He has experienced severe splits like this before.  In 2017, his last (mostly) healthy season, he was 8-1 with a 3.08 ERA at home and 4-4 with a 7.32 ERA on the road.  Ditto for 2016: 3.20 ERA at home, 6.18 on the road.  He was hurt for most of 2015, and 2014 was the reverse: a 3.27 ERA at home, but a remarkable 1.72 on the road.  Before than, the two years before that were more of the same, modest splits with an ERA advantage around a half or three quarters of a run at home, the kind of thing you expect.  

So what's happened in the last several years?  How has Wainwright become so completely inept on the road in the last few seasons?  According to Fangraphs, since the start of 2016, he's got a 3.06 ERA in 264 innings at home, but a 6.58 ERA  in 220 road innings.  His walks and homers and hits allowed all go way up, his strikeouts drop.  

The biggest difference, looking at all his summarized batted ball data for the stretch since the start of 2016, is that his home run rate, and especially his homers per fly ball, go way up on the road.  His fly ball rate goes up slightly (about 4%) but also more of those flies become homers - about 50% more - which makes for a bad combination in this Era of the Rabbit Ball.  An aging pitcher who gets by on cunning and defense more than stuff is going to have a hard time in a league where the balls fly out of the parks like Titleists, and even moreso in parks that tend not to favor pitchers.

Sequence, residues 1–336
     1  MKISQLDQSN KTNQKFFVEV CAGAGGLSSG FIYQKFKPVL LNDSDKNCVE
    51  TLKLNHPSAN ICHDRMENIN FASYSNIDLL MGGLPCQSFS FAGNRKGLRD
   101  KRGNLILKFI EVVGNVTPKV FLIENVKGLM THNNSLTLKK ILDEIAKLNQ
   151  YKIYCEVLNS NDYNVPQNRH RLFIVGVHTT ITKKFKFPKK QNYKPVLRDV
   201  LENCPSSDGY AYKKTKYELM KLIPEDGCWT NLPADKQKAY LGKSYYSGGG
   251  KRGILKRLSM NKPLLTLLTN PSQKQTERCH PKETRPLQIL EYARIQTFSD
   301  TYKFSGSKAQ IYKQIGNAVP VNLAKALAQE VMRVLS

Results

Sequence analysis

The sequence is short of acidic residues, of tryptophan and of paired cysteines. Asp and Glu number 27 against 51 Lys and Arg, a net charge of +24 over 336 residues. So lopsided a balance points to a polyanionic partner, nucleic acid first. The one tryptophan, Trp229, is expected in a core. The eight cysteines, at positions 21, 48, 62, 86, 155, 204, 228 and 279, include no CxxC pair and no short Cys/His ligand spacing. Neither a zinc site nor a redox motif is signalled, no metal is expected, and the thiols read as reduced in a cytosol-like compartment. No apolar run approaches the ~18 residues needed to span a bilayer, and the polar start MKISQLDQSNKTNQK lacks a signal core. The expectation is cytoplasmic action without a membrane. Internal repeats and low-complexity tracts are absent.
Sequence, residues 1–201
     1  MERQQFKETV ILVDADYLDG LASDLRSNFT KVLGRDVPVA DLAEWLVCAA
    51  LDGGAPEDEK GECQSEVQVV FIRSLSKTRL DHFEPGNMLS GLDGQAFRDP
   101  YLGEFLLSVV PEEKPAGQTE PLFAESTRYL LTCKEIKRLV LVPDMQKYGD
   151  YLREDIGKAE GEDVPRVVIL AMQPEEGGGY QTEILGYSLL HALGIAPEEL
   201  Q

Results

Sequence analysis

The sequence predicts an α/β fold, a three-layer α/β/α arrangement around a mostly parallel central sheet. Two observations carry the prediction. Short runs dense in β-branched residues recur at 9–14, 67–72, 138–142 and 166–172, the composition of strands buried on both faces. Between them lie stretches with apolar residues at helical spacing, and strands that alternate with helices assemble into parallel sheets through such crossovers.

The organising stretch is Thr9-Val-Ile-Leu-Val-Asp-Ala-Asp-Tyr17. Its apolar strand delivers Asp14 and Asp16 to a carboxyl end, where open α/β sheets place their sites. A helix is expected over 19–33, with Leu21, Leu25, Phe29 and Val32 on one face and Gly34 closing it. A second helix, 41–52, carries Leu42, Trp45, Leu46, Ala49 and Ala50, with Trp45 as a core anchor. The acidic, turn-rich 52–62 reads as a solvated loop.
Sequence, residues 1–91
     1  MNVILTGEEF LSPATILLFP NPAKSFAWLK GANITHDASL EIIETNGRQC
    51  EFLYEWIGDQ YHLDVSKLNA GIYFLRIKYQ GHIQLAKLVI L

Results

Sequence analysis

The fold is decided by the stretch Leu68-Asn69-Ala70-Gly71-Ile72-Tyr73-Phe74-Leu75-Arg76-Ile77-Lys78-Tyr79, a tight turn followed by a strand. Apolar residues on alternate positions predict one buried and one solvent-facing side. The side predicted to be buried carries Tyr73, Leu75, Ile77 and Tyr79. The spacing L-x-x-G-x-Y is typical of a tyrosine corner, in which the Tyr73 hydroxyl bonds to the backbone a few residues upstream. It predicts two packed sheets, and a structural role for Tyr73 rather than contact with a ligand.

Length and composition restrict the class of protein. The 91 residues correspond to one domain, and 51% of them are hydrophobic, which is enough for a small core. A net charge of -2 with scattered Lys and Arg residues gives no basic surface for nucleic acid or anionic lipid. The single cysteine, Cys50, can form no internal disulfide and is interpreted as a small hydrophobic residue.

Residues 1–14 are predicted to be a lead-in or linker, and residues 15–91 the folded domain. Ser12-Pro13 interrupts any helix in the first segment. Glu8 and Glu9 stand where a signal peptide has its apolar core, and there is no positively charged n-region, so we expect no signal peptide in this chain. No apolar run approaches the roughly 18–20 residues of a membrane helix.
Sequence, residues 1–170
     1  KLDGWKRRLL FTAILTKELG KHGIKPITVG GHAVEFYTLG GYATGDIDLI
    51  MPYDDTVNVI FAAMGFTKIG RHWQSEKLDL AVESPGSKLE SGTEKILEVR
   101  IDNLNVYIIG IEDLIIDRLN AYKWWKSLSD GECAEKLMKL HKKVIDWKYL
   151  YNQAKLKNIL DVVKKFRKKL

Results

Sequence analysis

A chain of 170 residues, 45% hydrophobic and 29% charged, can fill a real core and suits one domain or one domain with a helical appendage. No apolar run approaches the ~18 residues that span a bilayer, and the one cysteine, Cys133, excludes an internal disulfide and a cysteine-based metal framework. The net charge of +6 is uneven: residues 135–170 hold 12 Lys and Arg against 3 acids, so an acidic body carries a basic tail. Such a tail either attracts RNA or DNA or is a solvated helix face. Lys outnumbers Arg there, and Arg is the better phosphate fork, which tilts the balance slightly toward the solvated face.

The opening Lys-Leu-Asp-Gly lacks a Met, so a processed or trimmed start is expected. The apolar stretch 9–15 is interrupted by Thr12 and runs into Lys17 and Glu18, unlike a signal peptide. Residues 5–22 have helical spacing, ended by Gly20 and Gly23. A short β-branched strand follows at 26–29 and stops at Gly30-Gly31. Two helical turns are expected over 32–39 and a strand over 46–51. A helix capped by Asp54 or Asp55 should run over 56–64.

I'm not really sure what it all means for Wainwright.  Maybe it means he's nearing the end.  He is almost 38 after all.  Maybe it means that Cardinals' manager Mike Schildt should just reverse-Ed-Whitson his ass and only start him at home, come hell or high water.  Maybe it means he has some kinda special signal system at home and can somehow figure out just how to pitch to everybody there, but has no such system on the road.  Maybe he and his wife (does he even have a wife???) are on the outs and he never gets a decent night sleep on the road.  

I really have no idea.  I do know that Wainwright has not pitched a Quality Start on the road since the end of June.  I also know that I will not be putting him in my starting lineup when he faces the Reds at Great American Bandbox tomorrow night.